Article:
Thinking Anglicans

Standing Committee meeting in London

Updated again Thursday evening

ACNS announces that the Joint Standing Committee (JSC) of the Primates and Anglican Consultative Council (ACC) Meeting is being held in London this week.

The report lists those who are attending and includes a picture of them.

Ruth Gledhill reports for The Times that Conservative Anglicans face “punishment” for helping US rebels.

And there is more on her blog under the heading Southern Cone heading south.

Looks like action is about to be taken against Greg Venables and the Southern Cone for sheltering no fewer than four TEC conservative bishops and their flocks, the latest being Jack Iker and Forth Worth. See our news report summing up the latest. I understand that the Joint Standing Committee meeting in London this week, from which significantly Egypt’s Mouneer Anis and Uganda’s Henry Orombi are absent, is to discuss suspending Southern Cone’s voting rights from the upcoming Anglican Consultative Council meeting in Jamaica next May. As long-standing readers will recall, this is what happened to TEC, then Ecusa, at the last ACC meeting in Nottingham in 2005. This is not so much a ‘booting out’ but should be regarded as a punishment, I am told. Meanwhile, it seems highly probable that TEC and Canada are to be rewarded for their restraint by being given a full seat back at the table again in May.

Episcopal Café notes these reports with a question: Southern Cone “suspension”: Sabre rattling? Trial balloon?

Wednesday evening update

Matt Davies of Episcopal News Service reports on the meeting, in Joint Standing Committee plans for 2009 ACC meeting.

The Joint Standing Committee of the Primates and Anglican Consultative Council (ACC) has devoted much of its November 24-26 meeting to discussing budgetary issues and planning the next meeting of the ACC — the communion’s main policy-making body — set for May 1-12, 2009 in Kingston, Jamaica.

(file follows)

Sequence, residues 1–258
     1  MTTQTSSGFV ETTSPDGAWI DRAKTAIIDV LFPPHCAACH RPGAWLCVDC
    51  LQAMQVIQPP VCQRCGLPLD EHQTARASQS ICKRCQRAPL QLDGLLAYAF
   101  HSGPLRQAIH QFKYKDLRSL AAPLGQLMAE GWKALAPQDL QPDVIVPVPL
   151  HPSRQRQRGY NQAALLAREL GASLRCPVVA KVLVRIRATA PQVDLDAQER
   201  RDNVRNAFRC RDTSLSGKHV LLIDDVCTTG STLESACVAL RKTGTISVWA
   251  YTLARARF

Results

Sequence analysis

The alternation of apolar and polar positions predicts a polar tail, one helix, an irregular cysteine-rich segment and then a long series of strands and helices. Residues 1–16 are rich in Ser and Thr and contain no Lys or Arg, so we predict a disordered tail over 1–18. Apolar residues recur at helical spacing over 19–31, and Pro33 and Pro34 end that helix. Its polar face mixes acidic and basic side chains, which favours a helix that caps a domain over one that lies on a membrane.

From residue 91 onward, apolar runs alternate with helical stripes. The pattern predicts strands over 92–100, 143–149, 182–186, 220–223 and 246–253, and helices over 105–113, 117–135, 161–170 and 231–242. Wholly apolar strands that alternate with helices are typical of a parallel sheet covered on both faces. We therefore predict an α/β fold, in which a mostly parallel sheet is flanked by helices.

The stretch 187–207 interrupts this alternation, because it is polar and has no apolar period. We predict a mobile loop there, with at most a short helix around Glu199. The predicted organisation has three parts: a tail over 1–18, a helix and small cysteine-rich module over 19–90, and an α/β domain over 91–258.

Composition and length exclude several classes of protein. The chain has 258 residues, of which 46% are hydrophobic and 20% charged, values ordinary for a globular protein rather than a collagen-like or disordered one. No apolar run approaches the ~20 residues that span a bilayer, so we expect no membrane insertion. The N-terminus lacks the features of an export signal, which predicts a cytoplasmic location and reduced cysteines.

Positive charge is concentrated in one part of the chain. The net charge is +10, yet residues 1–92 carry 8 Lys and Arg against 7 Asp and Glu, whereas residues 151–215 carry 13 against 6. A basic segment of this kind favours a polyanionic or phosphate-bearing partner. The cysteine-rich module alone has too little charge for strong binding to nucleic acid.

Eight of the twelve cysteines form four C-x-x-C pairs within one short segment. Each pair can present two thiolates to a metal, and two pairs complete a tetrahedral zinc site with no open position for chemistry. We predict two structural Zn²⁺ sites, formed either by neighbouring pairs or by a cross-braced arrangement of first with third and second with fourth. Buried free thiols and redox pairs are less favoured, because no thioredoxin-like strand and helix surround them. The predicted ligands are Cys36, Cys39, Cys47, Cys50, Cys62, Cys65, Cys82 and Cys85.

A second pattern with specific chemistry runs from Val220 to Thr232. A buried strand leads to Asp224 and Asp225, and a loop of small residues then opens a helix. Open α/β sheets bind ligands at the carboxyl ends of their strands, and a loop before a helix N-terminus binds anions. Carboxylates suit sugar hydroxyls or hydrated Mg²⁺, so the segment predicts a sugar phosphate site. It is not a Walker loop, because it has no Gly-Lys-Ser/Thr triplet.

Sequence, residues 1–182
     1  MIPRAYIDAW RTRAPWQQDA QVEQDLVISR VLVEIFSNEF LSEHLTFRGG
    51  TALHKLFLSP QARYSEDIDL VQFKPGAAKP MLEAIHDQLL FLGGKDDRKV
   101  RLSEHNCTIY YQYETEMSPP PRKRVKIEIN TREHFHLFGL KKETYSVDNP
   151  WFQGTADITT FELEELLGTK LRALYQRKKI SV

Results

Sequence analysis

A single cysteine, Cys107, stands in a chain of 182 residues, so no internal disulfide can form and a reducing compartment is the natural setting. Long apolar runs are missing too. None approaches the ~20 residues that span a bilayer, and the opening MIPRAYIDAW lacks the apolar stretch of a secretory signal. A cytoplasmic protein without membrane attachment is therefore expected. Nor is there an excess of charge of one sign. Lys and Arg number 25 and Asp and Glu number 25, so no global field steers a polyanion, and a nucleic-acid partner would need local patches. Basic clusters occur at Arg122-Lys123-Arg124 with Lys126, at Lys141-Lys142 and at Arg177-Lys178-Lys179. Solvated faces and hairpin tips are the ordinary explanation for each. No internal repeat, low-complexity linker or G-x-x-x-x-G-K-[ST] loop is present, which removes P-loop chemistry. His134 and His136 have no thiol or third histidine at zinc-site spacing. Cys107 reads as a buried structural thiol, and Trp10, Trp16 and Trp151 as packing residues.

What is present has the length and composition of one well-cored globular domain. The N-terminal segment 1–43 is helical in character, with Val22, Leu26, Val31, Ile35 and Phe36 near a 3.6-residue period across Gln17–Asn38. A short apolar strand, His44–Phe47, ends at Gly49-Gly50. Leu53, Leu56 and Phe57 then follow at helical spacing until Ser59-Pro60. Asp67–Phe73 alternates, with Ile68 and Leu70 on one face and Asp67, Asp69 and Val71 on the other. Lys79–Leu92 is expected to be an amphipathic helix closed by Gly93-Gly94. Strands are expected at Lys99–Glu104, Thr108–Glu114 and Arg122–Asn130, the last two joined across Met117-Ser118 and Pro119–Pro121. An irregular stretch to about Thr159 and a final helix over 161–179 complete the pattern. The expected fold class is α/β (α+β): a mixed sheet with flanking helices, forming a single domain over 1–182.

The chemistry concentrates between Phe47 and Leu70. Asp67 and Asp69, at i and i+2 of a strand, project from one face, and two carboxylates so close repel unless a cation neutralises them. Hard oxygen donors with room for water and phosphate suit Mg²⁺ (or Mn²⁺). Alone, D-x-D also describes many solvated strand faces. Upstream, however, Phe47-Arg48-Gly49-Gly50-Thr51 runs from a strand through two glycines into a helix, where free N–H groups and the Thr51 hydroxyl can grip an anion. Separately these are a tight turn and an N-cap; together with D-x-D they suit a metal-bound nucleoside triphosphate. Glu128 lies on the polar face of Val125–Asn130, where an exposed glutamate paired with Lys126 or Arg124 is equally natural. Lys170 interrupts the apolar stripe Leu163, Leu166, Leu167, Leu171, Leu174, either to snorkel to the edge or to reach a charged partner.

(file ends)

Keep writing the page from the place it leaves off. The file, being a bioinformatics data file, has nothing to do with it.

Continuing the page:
Presiding Bishop Katharine Jefferts Schori was among those attending the JSC meeting, which was held behind closed doors at the Anglican Communion Office and Lambeth Palace in London. She noted that a November 26 report in The Times of London newspaper, that suggested the JSC had discussed plans to discipline the Anglican Province of the Southern Cone for its recent incursions into other provinces, was untrue. “The subject has not come up,” she told Episcopal News Service…

Thursday evening update

The Living Church has an article by George Conger titled Analysis: Recognition of Third Province Likely to Take Years, and there is a longer version of this piece over here.

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JCF
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JCF

“this is what happened to TEC, then Ecusa, at the last ACC meeting in Nottingham in 2005”

What IS Ruth’s problem here? Just because SHE has changed her abbreviation in that time, doesn’t mean the Episcopal Church has changed. Then, as now, the Episcopal Church includes member provinces apart from the US of A (ergo, “ECUSA” is not an appropriate abbreviation).

On-topic: that the Southern Cone DESERVES this slap-on-the-wrist (or worse) is inarguable. But that they’ll actually receive? Especially w/ the Primates lurking about? I’ll believe it when I see it! ;-/

Father Ron Smith
Guest
Father Ron Smith

“A conservative province in the Anglican Church faces ‘punishment’ this week for offering a safe haven to conservatives” – Ruth Gledhill, article in ‘The Times’ – Whoever gave Ruth this news may be under the same impression that she has always had; about the actions of Gregory Venables in nurturing the puritanical element of the Communion under his wing. Her enthusiastic brand of journalism – considering her own obvious bias towards the likes of Venables – has here enabled her to take a dim view of what she believes might be one of the results of the meeting, this week,… Read more »

Robert Ian williams
Guest
Robert Ian williams

If you are going to “punish” Southern Cone, what about Nigeria, Rwanda and Uganda?

Fred Schwartz
Guest
Fred Schwartz

Which ECUSA: The one ain New York or the one Bishop Wantland and Crew devised?

Spirit of Vatican II
Guest

If the breakaway churches ask to be received back into the Anglican Communion in their new formation, how can they be rejected? And would their acceptance as a new entity within the Communion no amount to a healing of the split, and an agreement to live together amicably? In short, a happy ending. The culture wars will continue to chug along within Anglicanism as they do, more mutedly, within Roman Catholicism. So will the progress of mature hermeneutics of bible and tradition, putting the bitter clashes of recent years into perspective. If the new entity asks to remain in the… Read more »